• Click on the image above. 
  • Right click on it and save it to your file. 
  • Print that file out 8-1/2" x 11". The hexagon should measure 4" on the sides. 
  • Adjust the printed page size if necessary.
  • Add seams when you cut the fabric. 

Silk quilt made by Mary James Radcliffe
during the 1863 Union occupation of Paducah.
Collection of the Kentucky History Museum

Amish quilt from the Indiana State Museum
Blocks here in both quilts above are set side by side forming black hexagons.

A great mid-20th-century example from the West Virginia
project, photo from the Quilt Index.
The stars are set as an intersecting allover design
rather than being organized into hexagons.


Three mid-20th-century examples


1862 Drawing (cartoon) for the Dunlop house stained glass by 
William Morris, featuring Queen Guinevere on the left

The Morris Firm's windows for the Dunlop house have been preserved in the Stained Glass Gallery at Cliffe Castle Museum in Yorkshire.
http://www.bradfordmuseums.org/venues/cliffe-castle-museum

Stained Glass Window from the Morris Workshop
at Cliffe Castle

One More Inspiration

Vintage quilt, perhaps 1870s
Set your hexies with a triangle, which makes a double star.
Use the triangle with a 4" finished side
from last week's Crystal Palace pattern.

Thursday, May 19, 2016

My Virtual Booth: Quilt Market Salt Lake City

I went all out this year and shipped in every Civil-War-related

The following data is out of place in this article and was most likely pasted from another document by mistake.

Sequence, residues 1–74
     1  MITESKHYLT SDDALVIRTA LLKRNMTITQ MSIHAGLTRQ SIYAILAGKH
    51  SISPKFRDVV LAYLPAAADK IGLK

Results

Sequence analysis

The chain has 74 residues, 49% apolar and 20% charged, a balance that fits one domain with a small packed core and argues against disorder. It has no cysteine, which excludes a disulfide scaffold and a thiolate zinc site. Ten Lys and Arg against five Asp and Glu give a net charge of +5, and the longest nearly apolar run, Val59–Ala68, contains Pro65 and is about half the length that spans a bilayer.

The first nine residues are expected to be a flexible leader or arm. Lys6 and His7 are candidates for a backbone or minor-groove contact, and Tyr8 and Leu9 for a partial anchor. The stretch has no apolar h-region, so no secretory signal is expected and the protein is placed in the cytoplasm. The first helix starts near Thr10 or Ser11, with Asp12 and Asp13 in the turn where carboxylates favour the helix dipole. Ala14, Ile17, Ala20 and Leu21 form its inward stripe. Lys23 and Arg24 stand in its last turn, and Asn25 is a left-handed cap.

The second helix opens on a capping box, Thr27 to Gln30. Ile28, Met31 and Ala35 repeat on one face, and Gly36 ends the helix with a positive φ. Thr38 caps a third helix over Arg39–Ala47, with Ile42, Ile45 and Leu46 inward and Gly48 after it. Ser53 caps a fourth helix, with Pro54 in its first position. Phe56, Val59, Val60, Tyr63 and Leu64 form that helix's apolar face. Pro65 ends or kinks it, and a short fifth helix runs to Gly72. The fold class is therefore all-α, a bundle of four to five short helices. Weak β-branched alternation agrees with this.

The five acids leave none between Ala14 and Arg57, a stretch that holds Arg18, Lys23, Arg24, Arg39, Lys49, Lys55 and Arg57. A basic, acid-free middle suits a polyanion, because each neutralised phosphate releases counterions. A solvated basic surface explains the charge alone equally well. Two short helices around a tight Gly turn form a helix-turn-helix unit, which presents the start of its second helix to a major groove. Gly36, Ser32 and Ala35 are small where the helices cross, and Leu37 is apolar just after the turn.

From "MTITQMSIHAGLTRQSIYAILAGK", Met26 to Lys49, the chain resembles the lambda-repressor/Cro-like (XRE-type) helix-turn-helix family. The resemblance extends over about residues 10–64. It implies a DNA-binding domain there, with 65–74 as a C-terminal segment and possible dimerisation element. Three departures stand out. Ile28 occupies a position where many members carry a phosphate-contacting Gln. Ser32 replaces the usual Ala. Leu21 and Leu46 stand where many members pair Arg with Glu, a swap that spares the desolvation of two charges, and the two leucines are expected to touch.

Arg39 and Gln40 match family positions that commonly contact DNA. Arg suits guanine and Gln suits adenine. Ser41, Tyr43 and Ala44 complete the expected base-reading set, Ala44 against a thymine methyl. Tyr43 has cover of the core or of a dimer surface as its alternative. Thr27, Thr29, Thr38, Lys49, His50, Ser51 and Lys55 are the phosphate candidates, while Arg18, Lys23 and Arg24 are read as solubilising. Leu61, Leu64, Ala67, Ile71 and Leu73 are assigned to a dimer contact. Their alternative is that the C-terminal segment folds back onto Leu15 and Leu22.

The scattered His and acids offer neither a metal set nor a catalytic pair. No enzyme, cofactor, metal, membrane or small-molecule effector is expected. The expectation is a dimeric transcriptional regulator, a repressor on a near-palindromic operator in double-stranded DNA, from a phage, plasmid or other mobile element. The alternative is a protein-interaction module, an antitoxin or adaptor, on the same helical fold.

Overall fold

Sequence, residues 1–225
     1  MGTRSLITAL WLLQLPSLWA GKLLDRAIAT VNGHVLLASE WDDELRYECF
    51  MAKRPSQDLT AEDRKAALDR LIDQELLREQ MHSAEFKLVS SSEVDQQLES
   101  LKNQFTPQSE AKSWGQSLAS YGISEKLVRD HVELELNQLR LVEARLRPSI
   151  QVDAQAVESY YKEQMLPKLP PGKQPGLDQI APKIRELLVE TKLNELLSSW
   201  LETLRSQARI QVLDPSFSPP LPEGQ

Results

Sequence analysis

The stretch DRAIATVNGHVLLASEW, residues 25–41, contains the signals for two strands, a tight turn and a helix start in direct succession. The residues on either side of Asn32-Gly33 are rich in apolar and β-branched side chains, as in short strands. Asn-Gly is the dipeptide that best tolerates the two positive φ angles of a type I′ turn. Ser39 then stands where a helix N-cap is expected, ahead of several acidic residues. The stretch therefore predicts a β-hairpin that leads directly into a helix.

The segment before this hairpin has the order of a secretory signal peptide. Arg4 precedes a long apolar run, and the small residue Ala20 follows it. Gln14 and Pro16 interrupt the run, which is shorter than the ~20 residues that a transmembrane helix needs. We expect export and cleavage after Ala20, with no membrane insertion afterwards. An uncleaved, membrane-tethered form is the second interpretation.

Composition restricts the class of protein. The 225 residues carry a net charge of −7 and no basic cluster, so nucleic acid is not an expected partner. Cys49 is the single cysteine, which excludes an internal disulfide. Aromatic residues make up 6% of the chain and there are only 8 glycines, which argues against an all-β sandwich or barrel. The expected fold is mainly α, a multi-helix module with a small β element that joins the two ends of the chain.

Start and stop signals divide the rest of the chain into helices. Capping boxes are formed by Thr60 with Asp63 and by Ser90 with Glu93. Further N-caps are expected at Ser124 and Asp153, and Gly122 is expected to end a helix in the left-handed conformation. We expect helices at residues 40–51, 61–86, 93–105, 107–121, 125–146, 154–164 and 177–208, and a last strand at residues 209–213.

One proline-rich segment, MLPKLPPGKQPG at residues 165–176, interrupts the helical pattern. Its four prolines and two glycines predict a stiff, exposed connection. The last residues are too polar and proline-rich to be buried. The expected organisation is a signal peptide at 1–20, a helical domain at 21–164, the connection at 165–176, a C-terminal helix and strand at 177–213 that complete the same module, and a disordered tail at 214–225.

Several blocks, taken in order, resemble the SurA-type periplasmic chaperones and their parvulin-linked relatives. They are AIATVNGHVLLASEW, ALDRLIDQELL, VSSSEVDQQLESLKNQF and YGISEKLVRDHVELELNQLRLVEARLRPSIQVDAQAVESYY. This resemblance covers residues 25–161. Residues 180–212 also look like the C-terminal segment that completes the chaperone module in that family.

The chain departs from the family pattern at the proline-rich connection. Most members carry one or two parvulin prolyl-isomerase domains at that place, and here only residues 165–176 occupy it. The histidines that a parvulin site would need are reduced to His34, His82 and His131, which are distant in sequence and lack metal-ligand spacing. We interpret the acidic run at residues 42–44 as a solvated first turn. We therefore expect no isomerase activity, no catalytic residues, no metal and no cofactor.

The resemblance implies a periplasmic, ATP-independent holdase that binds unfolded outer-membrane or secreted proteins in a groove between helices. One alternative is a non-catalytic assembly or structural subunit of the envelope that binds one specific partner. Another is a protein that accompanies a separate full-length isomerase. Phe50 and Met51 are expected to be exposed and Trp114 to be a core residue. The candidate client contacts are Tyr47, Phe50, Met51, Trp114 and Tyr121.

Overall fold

quilt I know of for my virtual booth at Quilt Market this week.

Above a Photoshopped picture of the imaginary booth.

Spring Quilt Market starts this week
in Salt Lake City.

I'm not REALLY going but I like to plan a virtual booth. The theme this
year: Civil War Quilts.


Look for me and Dottie Barker in the section on quilts inspired by
the 1861 Peterson's Magazine pattern for a "Stars & Stripe Bedquilt."
We'll be talking about my next mid-19th-century reproduction line
Baltimore Blues (in shops in the fall.)
You could make a lot of red, white and blue quilts with the line.

I really had to twist some virtual museum arms to get them to loan me their treasures. And the virtual insurance bill was larger than the literal state of Rhode Island.

Ginger Rogers in Gold Diggers of 1933

But as I've said: If I had all the money in the world I'd have a quilt show of
every Civil War quilt we've discovered.

If you can't drop by at market go to my Pinterest page of Civil War quilts:
It's another virtual quilt show.

Tuesday, May 17, 2016

An Eagle Quilt by Charlotte Angus

Watercolor of a sampler quilt by Charlotte Angus
for the WPA and the Index of American Design, 1940

I collected a few eagle block pictures for my Facebook
page this week,

images related to this quilt in the Christ Collection
that is in an exhibit opening at the Virginia Quilt Museum today.
American Pride: Eagles and Stars- Quilts from the Pat and Arlan Christ Collection.


Charlotte Angus Stefanak (1911-1989)

And I came across this one in a National Gallery of Art photo, which pictures Charlotte Angus painting a quilt top in 1940. She was employed by the federal government to record American art for the Index of American Design. The location of the quilt top is lost but  her watercolor is at the top of the page.

These eagles seem to be a regional pattern in Ohio's Miami Valley,
a subject which Sue Cummings has explored.

Here's just one more eagle. They are also found in Pennsylvania.

The Virginia Quilt Museum
http://www.vaquiltmuseum.org/

See more about WPA watercolors of quilts at this post:
http://barbarabrackman.blogspot.com/2013/08/wpa-quilt-paintings.html

See my Facebook page here: